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3D volume reconstruction technique improves accuracy and performance

Story posted December 6, 2006

Visualization of reconstructed 3D volume representing vasculogenic mimicry patterns and tumor blood vessels.
Visualization of reconstructed 3D volume representing vasculogenic mimicry patterns and tumor blood vessels

Determining differences in the three-dimensional organization of vasculogenic mimicry patterns and tumor blood vessels may provide important information that can enhance the treatment of a variety of solid cancers. Both vasculogenic mimicry patterns and blood vessels distribute fluid to many highly invasive cancers. To examine these competing patterns, pathologists cut tissue samples into cross-sections a few micrometers thick. They scan each sample several times with a specialized microscope, then reconstruct the scans into a 3D version of the area of interest and visualize the 3D volume reconstructions.

Traditionally, this 3D volume reconstruction is done manually and the visual inspection often suffers from intensity variations in microscopy images. The reconstruction process is time-consuming and prone to error. A recent study published in the Journal of Microscopy, however, shows that automated 3D volume reconstruction software provided significant improvements in accuracy, consistency, and performance time when compared to reconstructions built by human technicians. For example, the automatic process showed alignment errors that were more than 10 times smaller than the manual process.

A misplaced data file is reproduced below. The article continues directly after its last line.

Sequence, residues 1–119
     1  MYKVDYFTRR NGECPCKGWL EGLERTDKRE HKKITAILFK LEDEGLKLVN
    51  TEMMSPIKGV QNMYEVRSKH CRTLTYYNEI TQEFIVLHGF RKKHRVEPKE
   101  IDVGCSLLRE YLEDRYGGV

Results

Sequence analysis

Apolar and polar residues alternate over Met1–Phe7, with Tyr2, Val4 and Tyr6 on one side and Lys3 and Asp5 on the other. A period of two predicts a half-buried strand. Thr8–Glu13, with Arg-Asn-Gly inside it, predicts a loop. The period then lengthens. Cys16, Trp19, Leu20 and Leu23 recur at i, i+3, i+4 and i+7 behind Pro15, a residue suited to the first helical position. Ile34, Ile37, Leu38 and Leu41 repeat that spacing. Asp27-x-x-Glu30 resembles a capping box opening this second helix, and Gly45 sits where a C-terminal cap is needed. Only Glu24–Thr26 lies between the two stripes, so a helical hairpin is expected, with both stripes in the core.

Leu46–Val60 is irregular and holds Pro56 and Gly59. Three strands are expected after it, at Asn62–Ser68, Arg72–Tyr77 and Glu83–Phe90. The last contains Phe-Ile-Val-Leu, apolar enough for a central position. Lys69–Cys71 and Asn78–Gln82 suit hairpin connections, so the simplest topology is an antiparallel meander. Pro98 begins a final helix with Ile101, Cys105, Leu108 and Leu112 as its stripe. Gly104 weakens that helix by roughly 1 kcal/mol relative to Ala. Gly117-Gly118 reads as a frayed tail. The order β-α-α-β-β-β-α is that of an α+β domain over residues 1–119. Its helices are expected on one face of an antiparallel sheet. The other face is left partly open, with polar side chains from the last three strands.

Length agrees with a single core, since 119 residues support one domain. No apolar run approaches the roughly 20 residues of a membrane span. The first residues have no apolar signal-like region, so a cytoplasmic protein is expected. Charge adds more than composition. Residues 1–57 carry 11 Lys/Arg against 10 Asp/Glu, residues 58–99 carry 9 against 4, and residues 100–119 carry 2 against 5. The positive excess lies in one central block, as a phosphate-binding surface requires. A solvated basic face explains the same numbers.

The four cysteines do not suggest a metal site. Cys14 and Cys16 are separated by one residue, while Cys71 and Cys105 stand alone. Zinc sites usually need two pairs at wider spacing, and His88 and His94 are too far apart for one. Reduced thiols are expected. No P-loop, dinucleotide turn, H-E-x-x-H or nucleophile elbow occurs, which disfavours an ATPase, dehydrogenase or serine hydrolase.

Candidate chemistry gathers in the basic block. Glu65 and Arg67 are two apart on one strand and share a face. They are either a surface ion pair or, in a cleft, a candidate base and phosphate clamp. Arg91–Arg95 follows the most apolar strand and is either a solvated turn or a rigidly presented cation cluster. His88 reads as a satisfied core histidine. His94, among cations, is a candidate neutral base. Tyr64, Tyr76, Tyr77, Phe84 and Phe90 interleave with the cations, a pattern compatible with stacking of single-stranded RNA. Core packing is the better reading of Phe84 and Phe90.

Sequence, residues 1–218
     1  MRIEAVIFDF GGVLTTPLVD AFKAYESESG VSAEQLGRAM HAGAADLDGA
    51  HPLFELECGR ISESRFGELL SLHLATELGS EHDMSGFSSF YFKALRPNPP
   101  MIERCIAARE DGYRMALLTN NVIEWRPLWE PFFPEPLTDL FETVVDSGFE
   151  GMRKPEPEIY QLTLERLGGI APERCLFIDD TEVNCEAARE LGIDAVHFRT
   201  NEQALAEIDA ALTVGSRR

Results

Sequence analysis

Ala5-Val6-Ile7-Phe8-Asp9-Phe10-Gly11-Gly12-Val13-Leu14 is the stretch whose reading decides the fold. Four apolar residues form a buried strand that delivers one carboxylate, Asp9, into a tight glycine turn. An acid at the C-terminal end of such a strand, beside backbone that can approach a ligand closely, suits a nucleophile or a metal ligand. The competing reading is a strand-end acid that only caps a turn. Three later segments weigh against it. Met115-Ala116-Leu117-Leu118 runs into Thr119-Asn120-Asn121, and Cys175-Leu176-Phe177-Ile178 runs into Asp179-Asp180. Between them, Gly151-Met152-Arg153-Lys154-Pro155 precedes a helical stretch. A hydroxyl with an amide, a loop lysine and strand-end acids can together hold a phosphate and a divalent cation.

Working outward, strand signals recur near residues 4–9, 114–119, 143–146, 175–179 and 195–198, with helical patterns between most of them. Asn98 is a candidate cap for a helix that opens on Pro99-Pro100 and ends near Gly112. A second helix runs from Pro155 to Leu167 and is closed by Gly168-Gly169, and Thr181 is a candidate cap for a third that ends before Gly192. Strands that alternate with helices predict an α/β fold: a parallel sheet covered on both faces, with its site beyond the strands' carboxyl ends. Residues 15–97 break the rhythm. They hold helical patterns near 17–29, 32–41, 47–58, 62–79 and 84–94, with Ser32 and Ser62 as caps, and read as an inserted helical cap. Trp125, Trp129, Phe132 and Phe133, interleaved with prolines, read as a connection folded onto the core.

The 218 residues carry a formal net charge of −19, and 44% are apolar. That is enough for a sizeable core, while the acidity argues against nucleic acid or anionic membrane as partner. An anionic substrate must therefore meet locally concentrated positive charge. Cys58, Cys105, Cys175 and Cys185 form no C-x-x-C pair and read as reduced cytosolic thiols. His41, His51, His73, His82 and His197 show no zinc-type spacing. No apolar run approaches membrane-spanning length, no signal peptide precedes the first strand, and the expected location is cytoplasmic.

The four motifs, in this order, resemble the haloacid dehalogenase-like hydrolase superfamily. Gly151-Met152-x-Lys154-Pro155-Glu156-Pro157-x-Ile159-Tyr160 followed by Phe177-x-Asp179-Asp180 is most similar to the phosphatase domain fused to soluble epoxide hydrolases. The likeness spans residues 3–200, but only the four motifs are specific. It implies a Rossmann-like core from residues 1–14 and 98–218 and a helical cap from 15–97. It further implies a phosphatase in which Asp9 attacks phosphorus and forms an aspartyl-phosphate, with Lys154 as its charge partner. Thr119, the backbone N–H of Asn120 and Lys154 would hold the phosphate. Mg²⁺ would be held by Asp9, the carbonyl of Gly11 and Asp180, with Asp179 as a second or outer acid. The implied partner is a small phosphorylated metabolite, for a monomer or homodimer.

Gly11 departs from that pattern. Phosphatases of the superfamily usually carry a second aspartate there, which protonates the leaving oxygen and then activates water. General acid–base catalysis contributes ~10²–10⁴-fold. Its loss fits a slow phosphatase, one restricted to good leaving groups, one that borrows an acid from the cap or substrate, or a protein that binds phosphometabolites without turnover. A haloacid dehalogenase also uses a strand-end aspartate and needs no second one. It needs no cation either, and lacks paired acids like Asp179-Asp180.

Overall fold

Another study in the Journal of Microscopy proposed a method for correcting the intensity of microscopic images produced in the volume reconstruction process.

This automated approach to 3D volume reconstruction and the intensity correction technique were developed by NCSA's Peter Bajcsy and Sang-Chul Lee and Robert Folberg and Amy Lin of the University of Illinois at Chicago's College of Medicine.

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